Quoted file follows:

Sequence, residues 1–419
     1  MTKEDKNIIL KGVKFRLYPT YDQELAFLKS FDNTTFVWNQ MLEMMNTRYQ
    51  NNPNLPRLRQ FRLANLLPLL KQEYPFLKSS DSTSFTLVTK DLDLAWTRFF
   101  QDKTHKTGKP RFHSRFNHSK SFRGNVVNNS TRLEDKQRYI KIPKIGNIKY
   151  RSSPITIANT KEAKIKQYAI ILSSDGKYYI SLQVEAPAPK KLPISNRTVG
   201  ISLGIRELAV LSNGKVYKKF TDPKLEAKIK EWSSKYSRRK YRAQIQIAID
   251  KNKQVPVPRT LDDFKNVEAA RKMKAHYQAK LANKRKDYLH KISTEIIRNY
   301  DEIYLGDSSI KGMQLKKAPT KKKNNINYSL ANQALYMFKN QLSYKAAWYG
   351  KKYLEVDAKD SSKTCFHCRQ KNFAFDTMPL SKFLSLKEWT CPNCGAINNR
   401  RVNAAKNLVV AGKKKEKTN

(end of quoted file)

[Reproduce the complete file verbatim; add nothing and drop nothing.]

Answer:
Sequence, residues 1–419
     1  MTKEDKNIIL KGVKFRLYPT YDQELAFLKS FDNTTFVWNQ MLEMMNTRYQ
    51  NNPNLPRLRQ FRLANLLPLL KQEYPFLKSS DSTSFTLVTK DLDLAWTRFF
   101  QDKTHKTGKP RFHSRFNHSK SFRGNVVNNS TRLEDKQRYI KIPKIGNIKY
   151  RSSPITIANT KEAKIKQYAI ILSSDGKYYI SLQVEAPAPK KLPISNRTVG
   201  ISLGIRELAV LSNGKVYKKF TDPKLEAKIK EWSSKYSRRK YRAQIQIAID
   251  KNKQVPVPRT LDDFKNVEAA RKMKAHYQAK LANKRKDYLH KISTEIIRNY
   301  DEIYLGDSSI KGMQLKKAPT KKKNNINYSL ANQALYMFKN QLSYKAAWYG
   351  KKYLEVDAKD SSKTCFHCRQ KNFAFDTMPL SKFLSLKEWT CPNCGAINNR
   401  RVNAAKNLVV AGKKKEKTN